Range Creek welcomes back the Colorado River cutthroat trout.
Southeast Region conservation outreach manager
One thousand years ago, a Fremont Native American stood precariously on a precipice of sandstone and dangling shrubs. Though remote and inhospitable, this was a regular destination for him, a place of relative safety and perspective.
Here, halfway up the cliff, he used stones and small trees to build an altar-like structure for securing food and other precious things. Here the sandstone served as a canvas for pictographic storytelling. And from here, he would look down at a stream that offered life and a home to him and a companion inhabitant of this desert canyon: Colorado River cutthroat trout.
Colorado River cutthroat trout predated and outlived the Fremont people. They were one of the many hundreds of relics left behind when the last Fremonts left this place, known today as Range Creek Canyon. But even these long-time aquatic residents disappeared from the canyon after the arrival of non-native fish, which aggressively outcompeted the native trout.
Similar challenges played out for Colorado River cutthroat trout in other parts of Utah until the species came close to endangerment. Since then, however, partnerships between wildlife managers, landowners, wildlife enthusiasts and others have restored these special trout to much of their native range.
This year, such a partnership restored this ancient species to its ancient home in Range Creek.
These long-time aquatic residents disappeared from the canyon after the arrival of non-native fish, which aggressively outcompeted the native trout.
Range Creek runs for 34 miles through a collection of land ownerships as diverse as the landscape itself. Corporate holdings, private ranches, federal lands and Utah Trust Lands all surround these winding miles of stream. Early on in the project, Division of Wildlife Resources biologists partnered with Trout Unlimited to unify these groups in an effort to bring back the native fish.
Years of mapping, planning and permitting followed. Then last fall, with help from many of these groups, the Division treated Range Creek with rotenone. Rotenone is a natural chemical used to remove fish that are incompatible with the management goals of a fishery. Most stream treatments that occur throughout the western U.S. encompass less than 10 miles. The Range Creek treatment, however, covered 25 stream miles and 3,000 feet of elevation difference, and biologists treated it twice.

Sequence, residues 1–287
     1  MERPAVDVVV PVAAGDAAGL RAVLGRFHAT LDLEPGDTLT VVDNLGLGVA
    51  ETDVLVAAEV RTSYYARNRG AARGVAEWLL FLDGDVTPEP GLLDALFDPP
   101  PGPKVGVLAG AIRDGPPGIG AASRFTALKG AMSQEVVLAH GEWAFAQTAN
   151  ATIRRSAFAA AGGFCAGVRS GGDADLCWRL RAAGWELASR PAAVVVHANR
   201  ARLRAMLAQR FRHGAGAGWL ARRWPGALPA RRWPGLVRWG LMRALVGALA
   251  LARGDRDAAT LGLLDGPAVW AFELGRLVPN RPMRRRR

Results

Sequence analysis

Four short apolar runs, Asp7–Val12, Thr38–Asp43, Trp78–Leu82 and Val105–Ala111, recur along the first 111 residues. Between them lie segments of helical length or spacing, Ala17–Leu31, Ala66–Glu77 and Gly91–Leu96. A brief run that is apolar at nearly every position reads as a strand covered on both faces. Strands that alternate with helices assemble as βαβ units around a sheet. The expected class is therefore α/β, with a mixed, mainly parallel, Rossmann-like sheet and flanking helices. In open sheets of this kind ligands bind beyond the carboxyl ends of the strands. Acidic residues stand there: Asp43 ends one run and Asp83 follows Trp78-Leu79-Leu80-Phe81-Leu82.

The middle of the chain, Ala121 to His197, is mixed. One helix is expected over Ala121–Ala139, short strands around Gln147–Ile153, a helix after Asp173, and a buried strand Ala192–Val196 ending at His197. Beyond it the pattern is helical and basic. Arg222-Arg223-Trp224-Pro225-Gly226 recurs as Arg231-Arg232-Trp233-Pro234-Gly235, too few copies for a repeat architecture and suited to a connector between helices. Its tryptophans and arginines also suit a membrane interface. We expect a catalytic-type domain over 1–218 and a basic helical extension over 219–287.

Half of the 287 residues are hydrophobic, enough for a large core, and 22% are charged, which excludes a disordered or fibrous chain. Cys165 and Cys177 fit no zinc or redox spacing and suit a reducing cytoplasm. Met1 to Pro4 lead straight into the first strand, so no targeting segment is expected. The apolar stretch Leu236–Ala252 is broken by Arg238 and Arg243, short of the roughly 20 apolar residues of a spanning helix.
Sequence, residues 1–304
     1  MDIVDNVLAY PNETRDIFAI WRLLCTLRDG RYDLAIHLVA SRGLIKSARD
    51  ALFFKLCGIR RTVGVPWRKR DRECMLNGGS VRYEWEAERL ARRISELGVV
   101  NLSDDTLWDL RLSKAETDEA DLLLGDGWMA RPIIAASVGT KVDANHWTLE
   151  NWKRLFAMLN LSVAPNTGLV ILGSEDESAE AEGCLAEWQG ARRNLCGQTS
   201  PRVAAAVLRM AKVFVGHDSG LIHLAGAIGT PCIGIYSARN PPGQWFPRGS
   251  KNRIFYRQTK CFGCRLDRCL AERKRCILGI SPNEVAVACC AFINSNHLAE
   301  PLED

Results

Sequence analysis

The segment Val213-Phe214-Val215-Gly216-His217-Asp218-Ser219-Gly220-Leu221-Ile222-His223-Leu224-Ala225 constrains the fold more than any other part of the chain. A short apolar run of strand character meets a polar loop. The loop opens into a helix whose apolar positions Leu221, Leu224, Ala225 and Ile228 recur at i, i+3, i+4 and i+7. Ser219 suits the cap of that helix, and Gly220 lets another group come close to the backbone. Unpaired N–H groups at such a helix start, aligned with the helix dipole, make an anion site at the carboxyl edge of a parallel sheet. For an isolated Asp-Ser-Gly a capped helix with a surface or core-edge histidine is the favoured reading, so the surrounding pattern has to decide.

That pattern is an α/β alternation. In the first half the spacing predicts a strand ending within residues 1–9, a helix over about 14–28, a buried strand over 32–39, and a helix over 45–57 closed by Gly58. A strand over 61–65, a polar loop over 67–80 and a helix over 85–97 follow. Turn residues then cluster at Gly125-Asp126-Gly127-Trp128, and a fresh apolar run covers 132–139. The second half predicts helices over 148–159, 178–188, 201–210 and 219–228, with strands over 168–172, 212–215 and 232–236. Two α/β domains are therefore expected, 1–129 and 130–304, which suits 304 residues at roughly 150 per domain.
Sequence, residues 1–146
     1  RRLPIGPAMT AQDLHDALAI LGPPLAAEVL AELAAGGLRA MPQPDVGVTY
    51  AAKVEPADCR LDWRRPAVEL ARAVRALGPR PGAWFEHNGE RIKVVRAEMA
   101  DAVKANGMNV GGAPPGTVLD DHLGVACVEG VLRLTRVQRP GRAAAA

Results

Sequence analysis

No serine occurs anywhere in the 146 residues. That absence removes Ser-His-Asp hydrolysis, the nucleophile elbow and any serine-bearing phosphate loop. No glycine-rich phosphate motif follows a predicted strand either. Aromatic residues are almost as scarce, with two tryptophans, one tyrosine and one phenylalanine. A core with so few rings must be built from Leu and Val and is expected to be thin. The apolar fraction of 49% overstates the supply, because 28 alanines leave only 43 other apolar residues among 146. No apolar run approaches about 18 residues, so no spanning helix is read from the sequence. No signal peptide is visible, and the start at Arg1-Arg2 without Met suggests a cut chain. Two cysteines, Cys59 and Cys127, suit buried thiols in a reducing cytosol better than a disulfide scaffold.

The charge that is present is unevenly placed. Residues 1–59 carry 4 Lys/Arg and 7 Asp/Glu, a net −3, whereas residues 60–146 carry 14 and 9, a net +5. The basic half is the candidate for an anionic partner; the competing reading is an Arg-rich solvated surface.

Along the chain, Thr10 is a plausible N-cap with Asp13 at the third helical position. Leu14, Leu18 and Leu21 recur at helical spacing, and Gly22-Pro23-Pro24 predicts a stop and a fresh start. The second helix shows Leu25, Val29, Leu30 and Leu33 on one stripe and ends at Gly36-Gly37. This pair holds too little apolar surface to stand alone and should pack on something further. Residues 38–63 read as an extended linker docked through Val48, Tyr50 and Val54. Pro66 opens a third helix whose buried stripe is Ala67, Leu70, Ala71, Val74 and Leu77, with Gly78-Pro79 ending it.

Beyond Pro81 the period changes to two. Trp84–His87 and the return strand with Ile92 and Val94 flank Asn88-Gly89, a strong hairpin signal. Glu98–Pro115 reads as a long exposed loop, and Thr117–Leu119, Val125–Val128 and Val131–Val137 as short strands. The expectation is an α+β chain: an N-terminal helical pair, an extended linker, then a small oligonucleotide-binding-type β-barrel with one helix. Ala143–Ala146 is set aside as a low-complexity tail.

Further ensuring the treatment's success, biologists walked the drainage with electrofishing equipment, checking beaver dams and other diversions for any sign of non-native fish. Those fish were gone. Aquatic insects and other nutrients were in ample supply. Range Creek was ready to welcome back the Colorado River cutthroat trout.
The first cutthroat entered the water on May 17. About 4,000 fish have been stocked so far this year, with 6,000 more to be stocked in the fall. As many as 20,000 additional cutthroat trout are expected to arrive over the next two years. And as these fish expand across all elevations of the drainage, they'll become one of the lowest living populations of Colorado River cutthroat trout currently documented.
Partnerships of this scale and longevity don't happen naturally. But what comes naturally to many Utahns is valuing conservation for its own sake. The Fremont people in Range Creek went to extraordinary lengths to protect what was important to them, and with similar determination, we commit to protecting Utah's native wildlife. Remote and inhospitable as Range Creek may seem, it is a place of safety for the Colorado River cutthroat trout.
Much of Range Creek is accessible to anglers. Utah Trust Lands in Range Creek, administered by the Natural History Museum of Utah, are open to public visitors with a permit, which can be obtained through the museum.